With respect to Sam Clutton (Letters, Motor Sport, February 1989), the Type 35B Bugatti won races for reasons other than its “enormous torque”. Its torque curve was impressive, but the amount derived from the fact that its 2.3-litre engine was substantially the largest Grand Prix unit on the circuits at the time.
The victories came because the car: a) had a brilliant chassis, b) ran in the period 1928-30, when the international Grand Prix formula was either “libre” or based on fuel-consumption, and was ignored by the other manufacturers, and when France was exceedingly prosperous and blessed with an unusually large number of wealthy amateur racing drivers, c) was the only Grand Prix car readily available for purchase by the private owner in some numbers, and d) was challenged on the circuits only by the left-oven from the earlier 2-litre and 11/2-litre GP formulas, and a residue of sports and touring cars.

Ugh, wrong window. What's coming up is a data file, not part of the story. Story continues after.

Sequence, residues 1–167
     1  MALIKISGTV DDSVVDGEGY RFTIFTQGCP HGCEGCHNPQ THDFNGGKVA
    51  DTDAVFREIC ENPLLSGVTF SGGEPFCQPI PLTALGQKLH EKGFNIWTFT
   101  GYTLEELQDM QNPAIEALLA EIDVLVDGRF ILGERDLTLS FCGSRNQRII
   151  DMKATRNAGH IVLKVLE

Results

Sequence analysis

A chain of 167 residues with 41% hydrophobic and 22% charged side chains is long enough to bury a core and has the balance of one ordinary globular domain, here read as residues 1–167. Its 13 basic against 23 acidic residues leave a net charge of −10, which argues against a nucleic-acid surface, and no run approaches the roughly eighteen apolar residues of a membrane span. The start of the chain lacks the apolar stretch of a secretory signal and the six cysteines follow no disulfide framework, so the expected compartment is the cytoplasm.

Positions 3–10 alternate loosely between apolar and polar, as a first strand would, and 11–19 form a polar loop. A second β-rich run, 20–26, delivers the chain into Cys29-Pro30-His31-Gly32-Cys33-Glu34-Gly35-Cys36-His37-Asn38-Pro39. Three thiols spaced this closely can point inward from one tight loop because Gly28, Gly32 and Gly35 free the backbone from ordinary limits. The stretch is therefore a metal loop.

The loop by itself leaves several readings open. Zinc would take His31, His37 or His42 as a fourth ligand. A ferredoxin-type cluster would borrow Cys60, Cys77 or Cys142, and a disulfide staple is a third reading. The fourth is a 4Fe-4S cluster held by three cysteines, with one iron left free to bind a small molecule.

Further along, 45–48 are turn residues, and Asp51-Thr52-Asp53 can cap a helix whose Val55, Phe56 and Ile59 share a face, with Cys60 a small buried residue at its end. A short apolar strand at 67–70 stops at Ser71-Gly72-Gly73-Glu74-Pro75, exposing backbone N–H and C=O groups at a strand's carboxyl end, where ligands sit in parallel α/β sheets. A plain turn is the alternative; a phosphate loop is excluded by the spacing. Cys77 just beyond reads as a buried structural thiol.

I imagine no-one is too impressed by the Bugatti victories in the 1926 Grand Prix of the Automobile Club de France and the 1928 San Sebastian Grand Prix, in both of which Bugattis were the only starters. But many of the minor Grands Prix in France were run with similar entry lists, and even in major races where other makes took part they made strange company.
At the 1930 Grand Prix of the ACF, the 14 Bugattis were opposed by one 11/2-litre Grand Prix Delage and five sports or touring-based cars, from Birkin’s 41/2-litre blower Bentley (which finished second) to a Model A Ford Special. If the Belgian GP that year (eleven Bugattis versus Georges Irat and Aries four-seater touring cars, a sleeve-valve Peugeot, four Belgian slide (not side)-valve Imperias, two more Model A Ford Specials and an 1100cc Lombard), Frenchman Edmond Cohin wrote: “The Bugattis are without any adversaries worthy of the name, all the major racing car manufacturers continuing to shun a formula which has no interest to them.”
I think we may conclude that the 35B was competitive only into far as the competition was weak. If a good big engine will usually beat a good little one, a good little chassis will beat a good big one likewise. Ettore Bugatti enjoyed the best of all possible worlds in that threeyear period.
Anthony Blight, Callington, Cornwall